I am developing a textbased RPG. In one of the classes there is an ArrayList that handles save and load game. There is both Integers and Strings in the ArrayList.

This is a String: saveGame.add(p.getName());
And this is a Integer: saveGame.add(p.getCurrLoc());

Every variable that is adding an element to the list receive a warning like this one:

D:\Backup\RPG\src\rpg\Player.java:86: warning: [unchecked] unchecked call to add(E) as a member of the raw type ArrayList getInventory().add(item); where E is a type-variable: E extends Object declared in class ArrayList


public class Data {

private ArrayList saveGame;

//Sparar en ny rad i sparfilen
public void writeData(String in) {        

    try {
        FileWriter out = new FileWriter("Savegame.txt", true);
        out.write(in + "\n");
    } catch (IOException ex) {
        Logger.getLogger(Data.class.getName()).log(Level.SEVERE, null, ex);

public void save(Player p) {

    saveGame = new ArrayList();

    for(Object element : p.getInventory()) {
        if(element instanceof Weapon) {
            saveGame.add(((Weapon) element).getName());
        } else if(element instanceof Item) {
            saveGame.add(((Item) element).getName());
        } else if(element instanceof Armor) {
            saveGame.add(((Armor) element).getName());

    for(Object element : saveGame) {
  • You need to use generics. – SLaks Nov 13 '16 at 16:29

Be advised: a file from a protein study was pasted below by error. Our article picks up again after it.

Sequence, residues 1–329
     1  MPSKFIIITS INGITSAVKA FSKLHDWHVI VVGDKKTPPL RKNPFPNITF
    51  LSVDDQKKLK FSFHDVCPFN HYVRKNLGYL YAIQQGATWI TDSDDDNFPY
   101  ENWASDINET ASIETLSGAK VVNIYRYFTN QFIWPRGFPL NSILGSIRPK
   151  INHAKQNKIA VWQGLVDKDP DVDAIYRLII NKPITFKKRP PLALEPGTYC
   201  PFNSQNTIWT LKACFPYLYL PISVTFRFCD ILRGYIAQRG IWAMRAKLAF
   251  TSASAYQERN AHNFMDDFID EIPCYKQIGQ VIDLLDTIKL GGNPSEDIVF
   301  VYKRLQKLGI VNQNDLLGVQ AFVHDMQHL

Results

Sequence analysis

• A warning is not an error. – James K Polk Nov 13 '16 at 16:33

First of all, this is a warning, not an error. You can still run your code in this state. It just opens the door to many potential problems.

Basically, you should define your list so that you know what type each and every element is. This is done using generics.

So you can declare your list as a list of strings as follows:

ArrayList<String> saveGame = new ArrayList<String>();

This means you can only add strings to the list. However, it also means that getter methods will always return strings, so no casting is ever necessary.

  • Then I have to convert the integers, like saveGame.add(p.getCurrLoc()); when I add a value to the list. What is the best way to do this? – Josef Lundström Nov 13 '16 at 17:58
  • Ah, I didn't see the integers there. But there's always String.valueOf() to help you with that. – Joe C Nov 13 '16 at 18:01
  • I am unsure how to do thios correctly, I tried to write it this way: saveGame.add String.valueOf(p.getCurrLoc()); but recieved errors. – Josef Lundström Nov 13 '16 at 18:12
  • What kind of errors? – Joe C Nov 13 '16 at 18:13

The latest versions of Java allow you to specify the type(s) of object that you will place in your ArrayList using a syntax like this ArrayList. This allows the compiler to check the types of any object you add to the list at compile and execution time, and allows for safer and less error-prone code

If you use the legacy versions as you have done (without the ), then the compiler cannot make this check so it gives you a warning.

  • Thank you for your help! Could you please give me an example of how to implement this in my code. this is a String saveGame.add(p.getName()); and this a Integer saveGame.add(p.getCurrLoc()); – Josef Lundström Nov 13 '16 at 17:46
  • Sorry, I just now saw you had a follow up question. As others have stated, the warning is not an error you can ignore it as long as you understand its purpose as stated above. – TDWebDev Nov 14 '16 at 4:06
  • But if you want to remove it, just define the ArrayList using the appropriate type, for example, ArrayList<String>. If you plan to put objects of different types, then use the highest common super class or Object as someone else stated (ArrayList<Object>). – TDWebDev Nov 14 '16 at 4:08

(Posted on behalf of the OP).

I solved the problem like this:

ArrayList<Object> saveGame = new ArrayList<Object>();

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